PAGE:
Stunning sunset over the mountains/vineyards of Happy Canyon in Santa Barbara Co., Calif.

Stunning sunset over the mountains/vineyards of Happy Canyon in Santa Barbara Co., Calif.

NAPA/SONOMA Ca. – Repeating the familiar is an easy way to go through life as is taking the safe road. We all do that but find unexpected rewards when taking the path less traveled.

That little bit of philosophy applies to visiting wine country. You can visit Mondavi in Napa or Archery Summit in Oregon and you should. But if you limit yourself to those kind of stops you miss out on the real people and great wine you’ll never find back home.

Grape Sense LogoLet’s face it, you’re not going to run into the owner, winemaker, or much of anyone else at corporate wineries which make their wines by the trucker tank – or for this analogy let’s use the 100,000 case level.

A California trip July 9-19 taught me that lesson over again but can’t be repeated enough. A long weekend in Santa Barbara County resulted in tasting literally hundreds of wines at the 2014 Wine Blogger’s conference. There were several winery names I knew but the defining experience was a dinner trip to Happy Canyon at the far east end of the St. Ynez Valley.

A group of about 20 wine writers visited with six Happy Canyon wineries that most have never heard of before. Grassini, Sloan and more aren’t household names because they produce such small quantity of wine. One of the six was making just 700 cases!

They had good sauvignon blanc but crazy good Bordeaux varietal blends. The far east end, being the greatest distance from the Pacific, results in a warmer climate well suited for Cabernet, Merlot, Cab Franc, and the other French staples.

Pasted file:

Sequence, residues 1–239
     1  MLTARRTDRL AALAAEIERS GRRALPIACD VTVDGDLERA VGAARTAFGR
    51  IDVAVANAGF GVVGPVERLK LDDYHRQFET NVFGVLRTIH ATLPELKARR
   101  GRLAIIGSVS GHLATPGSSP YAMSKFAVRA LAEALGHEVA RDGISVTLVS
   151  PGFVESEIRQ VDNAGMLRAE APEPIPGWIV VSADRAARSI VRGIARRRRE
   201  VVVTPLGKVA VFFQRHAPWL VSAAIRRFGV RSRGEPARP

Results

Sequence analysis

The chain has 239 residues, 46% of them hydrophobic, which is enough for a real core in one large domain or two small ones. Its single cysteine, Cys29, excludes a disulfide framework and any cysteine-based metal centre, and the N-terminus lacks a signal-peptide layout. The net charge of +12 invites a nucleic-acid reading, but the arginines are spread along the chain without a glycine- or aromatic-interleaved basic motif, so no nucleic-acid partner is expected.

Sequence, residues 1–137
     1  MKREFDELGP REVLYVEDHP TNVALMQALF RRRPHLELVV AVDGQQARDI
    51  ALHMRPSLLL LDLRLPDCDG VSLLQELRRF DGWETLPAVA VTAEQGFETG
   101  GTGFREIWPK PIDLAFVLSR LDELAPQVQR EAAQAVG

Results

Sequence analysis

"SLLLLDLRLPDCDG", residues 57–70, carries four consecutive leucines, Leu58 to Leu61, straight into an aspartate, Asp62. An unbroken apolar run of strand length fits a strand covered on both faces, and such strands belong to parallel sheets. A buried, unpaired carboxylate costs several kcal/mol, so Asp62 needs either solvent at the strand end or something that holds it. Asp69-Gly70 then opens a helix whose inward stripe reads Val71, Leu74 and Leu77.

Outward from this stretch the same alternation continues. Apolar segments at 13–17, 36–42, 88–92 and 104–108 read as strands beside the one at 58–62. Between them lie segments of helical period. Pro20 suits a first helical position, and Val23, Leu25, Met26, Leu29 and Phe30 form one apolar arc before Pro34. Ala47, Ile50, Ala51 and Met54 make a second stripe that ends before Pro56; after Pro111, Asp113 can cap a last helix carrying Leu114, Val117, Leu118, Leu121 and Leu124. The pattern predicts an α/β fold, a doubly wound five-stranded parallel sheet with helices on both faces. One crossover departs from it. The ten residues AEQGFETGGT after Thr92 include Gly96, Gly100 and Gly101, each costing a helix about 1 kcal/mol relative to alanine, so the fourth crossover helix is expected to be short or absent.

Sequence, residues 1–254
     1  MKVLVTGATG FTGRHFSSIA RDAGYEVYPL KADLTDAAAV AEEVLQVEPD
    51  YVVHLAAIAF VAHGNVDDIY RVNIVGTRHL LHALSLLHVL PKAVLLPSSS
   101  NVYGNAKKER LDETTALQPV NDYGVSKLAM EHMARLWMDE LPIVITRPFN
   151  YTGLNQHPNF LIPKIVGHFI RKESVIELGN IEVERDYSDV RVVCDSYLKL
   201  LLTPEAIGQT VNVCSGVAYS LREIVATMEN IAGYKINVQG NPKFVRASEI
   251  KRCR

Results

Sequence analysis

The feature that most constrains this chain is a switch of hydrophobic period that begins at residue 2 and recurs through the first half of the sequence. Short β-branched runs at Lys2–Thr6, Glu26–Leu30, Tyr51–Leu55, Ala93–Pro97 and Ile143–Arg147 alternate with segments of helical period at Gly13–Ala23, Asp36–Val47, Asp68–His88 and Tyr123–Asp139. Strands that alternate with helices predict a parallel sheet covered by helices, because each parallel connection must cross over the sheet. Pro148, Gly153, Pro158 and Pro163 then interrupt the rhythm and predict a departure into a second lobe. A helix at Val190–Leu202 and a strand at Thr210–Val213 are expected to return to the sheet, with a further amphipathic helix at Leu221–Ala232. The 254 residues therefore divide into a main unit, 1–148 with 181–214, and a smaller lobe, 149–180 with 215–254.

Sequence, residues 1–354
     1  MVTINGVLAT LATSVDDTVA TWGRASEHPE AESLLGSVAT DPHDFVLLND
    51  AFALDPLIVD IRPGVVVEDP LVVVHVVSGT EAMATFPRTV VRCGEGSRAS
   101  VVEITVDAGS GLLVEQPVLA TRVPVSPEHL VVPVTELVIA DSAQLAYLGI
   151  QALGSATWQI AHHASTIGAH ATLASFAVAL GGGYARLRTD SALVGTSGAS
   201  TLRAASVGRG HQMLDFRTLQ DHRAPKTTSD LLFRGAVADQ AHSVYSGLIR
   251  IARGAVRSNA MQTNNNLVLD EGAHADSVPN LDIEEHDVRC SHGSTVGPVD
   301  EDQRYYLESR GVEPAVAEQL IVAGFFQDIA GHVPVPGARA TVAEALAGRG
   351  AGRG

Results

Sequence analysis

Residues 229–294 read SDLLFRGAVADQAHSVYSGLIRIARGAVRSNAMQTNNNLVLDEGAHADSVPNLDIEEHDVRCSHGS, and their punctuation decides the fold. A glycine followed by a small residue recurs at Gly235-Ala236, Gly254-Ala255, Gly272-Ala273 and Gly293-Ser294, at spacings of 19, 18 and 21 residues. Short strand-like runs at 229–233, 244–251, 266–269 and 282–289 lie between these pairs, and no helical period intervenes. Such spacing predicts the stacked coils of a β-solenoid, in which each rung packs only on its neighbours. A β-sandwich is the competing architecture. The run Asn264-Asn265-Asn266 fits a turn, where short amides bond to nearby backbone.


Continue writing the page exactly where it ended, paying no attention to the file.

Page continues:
Having fun during the Wine Blogging Conference speed tasting event - crazy!

Having fun during the Wine Blogging Conference speed tasting event – crazy!

The red blends were fantastic wines. The price point was a $50-$80 a bottle but the quality suggested the tiny operations were on point. Obviously, you’re not going to find these wines in the Midwest. But the lesson is small can be good, and very, very good.

There isn’t a wine region in the world that does not have these type of producers. My experience has shown the prices will be a little higher but the wines are usually fantastic. And often the winemaker or owner is the one pouring the juice in your glass.

At those corporate wineries you might luck out and get a really good tasting room employee. But hearing how the wine was made and the inspiration to make it from the winemaker is priceless.

Let’s bring the concept closer to home. Who hasn’t tasted Oliver Winery’s sweet red and white wines? Bill Oliver’s small batch Creekbend Vineyard wines are some of the best you’ll find in Indiana. Better yet, make a trip to the far south and visit Indiana’s other powerhouse Huber Winery. But while there go another 10 miles and visit the quirky Turtle Run Winery near Corydon.
Regardless of the region of the world, wine made in small batches is almost always going to be something special. Think of it this way – would you rather have your soup made in a tub or small pot on grandma’s stove?

 

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